Four successive lightning strikes that affected a data centre in Belgium were the cause of the four-day cloud outage last week, Google has admitted.
Google has now said that lightning strikes, which hit a local power grid, caused a loss of power to some of its storage systems, resulting in the persistent disk errors.
“At 09:19 PDT on Thursday 13 August 2015, four successive lightning strikes on the electrical systems of a European datacenter caused a brief loss of power to storage systems which host disk capacity for GCE instances in the europe-west1-b zone,” wrote Google this week.
Despite the random nature of the cause, Google is fessing up and taking full responsibility for the outage.
“This outage is wholly Google’s responsibility,” said the search giant.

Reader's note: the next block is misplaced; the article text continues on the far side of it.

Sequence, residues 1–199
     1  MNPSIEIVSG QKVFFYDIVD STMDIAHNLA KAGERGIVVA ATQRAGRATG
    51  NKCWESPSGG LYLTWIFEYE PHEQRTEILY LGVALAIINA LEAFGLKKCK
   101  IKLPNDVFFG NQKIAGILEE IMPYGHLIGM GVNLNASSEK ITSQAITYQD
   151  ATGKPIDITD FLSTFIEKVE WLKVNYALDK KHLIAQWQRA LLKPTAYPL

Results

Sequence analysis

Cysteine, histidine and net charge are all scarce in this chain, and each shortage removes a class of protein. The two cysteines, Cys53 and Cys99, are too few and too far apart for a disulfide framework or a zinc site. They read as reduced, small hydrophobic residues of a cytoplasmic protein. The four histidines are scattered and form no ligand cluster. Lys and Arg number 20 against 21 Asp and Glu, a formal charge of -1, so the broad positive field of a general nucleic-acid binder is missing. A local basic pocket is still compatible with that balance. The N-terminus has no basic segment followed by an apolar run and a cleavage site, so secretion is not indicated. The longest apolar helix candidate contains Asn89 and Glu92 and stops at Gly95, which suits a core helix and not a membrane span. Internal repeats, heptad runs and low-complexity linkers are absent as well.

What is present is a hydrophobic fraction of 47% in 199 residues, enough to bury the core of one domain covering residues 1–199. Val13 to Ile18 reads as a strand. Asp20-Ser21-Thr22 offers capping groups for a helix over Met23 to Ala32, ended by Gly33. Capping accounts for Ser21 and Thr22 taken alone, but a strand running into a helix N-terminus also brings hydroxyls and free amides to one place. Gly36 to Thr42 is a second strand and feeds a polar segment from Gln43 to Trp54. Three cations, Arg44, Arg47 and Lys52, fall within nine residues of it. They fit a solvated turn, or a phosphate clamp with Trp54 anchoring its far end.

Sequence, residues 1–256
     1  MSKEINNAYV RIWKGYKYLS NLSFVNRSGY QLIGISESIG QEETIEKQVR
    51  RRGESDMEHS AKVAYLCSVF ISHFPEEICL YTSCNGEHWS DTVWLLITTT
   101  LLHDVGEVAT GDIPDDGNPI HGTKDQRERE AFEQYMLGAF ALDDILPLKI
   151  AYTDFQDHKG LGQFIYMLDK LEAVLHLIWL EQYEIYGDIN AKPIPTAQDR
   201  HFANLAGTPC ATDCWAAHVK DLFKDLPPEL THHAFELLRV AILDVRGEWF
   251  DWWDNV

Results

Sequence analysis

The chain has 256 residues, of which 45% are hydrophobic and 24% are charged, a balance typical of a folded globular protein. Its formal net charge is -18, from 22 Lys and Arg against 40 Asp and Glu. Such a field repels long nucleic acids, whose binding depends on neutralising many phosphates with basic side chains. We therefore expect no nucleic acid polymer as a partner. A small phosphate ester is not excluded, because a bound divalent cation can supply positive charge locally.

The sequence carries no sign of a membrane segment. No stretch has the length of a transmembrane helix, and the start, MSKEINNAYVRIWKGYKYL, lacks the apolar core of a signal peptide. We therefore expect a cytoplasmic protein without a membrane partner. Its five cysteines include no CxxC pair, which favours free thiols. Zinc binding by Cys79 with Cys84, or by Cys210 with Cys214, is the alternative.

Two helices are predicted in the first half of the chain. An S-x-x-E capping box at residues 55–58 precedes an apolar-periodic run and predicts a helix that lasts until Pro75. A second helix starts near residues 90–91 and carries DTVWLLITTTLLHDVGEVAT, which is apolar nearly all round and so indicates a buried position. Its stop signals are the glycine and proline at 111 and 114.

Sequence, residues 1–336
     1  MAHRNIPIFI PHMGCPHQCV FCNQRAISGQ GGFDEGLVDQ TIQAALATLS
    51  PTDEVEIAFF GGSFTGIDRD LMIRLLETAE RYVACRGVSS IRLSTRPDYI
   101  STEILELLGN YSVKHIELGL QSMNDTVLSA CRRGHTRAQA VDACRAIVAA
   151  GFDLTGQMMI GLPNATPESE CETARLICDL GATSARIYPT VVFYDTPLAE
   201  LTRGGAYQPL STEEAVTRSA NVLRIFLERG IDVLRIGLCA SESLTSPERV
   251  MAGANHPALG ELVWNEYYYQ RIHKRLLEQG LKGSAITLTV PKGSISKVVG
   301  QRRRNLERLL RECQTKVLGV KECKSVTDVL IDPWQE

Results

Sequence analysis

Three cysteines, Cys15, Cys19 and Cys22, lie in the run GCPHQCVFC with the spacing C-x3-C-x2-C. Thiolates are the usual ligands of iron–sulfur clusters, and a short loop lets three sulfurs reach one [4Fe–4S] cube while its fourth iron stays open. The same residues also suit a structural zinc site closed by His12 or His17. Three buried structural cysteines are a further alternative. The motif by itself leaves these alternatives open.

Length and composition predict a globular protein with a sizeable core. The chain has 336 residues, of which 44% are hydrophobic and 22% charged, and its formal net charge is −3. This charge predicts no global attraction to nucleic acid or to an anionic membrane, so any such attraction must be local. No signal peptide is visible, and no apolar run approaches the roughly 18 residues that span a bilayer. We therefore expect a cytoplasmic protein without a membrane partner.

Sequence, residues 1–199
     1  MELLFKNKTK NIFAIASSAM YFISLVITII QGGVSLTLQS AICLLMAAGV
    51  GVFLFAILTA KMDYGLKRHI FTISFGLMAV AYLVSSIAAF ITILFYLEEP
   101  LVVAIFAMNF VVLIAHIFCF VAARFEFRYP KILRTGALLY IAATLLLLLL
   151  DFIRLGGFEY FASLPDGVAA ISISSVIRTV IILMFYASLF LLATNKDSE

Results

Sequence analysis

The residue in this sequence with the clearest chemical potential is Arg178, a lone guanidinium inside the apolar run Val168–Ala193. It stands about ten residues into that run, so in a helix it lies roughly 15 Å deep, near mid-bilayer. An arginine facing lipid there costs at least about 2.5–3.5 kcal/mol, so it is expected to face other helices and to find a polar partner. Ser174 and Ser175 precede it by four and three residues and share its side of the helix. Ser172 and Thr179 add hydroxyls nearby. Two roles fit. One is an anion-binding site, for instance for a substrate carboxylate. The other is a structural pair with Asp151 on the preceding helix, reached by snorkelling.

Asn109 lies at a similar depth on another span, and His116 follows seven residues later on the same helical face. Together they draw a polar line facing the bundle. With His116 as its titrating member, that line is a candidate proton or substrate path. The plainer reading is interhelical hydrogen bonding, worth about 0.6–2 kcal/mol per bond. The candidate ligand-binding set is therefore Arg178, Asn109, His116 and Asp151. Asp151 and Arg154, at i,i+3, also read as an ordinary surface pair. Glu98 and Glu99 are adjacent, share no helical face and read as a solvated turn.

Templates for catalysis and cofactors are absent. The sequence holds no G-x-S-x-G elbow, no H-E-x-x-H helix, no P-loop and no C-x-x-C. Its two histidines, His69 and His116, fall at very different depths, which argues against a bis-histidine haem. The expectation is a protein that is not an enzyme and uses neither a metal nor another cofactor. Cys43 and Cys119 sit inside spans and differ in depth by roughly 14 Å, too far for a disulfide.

“However, we would like to take this opportunity to highlight an important reminder for our customers: GCE instances and Persistent Disks within a zone exist in a single Google data centre and are therefore unavoidably vulnerable to data centre-scale disasters.”
Google engineers toiled to fix the incident, with the number of affected disks progressively declining as engineers fixed issues. By Monday, a very small number of disks were left offline, totalling less than 0.000001 percent of the space of allocated persistent disks in europe-west1-b. Unfortunately, these disks are unrecoverable, said Google.
To prevent this happening in the future, Google said that it is working on upgrading its storage hardware so it will be less susceptible to power failures.
“Since the incident began, Google engineers have conducted a wide-ranging review across all layers of the data centre technology stack, from electrical distribution systems through computing hardware to the software controlling the GCE persistent disk layer,” said Google.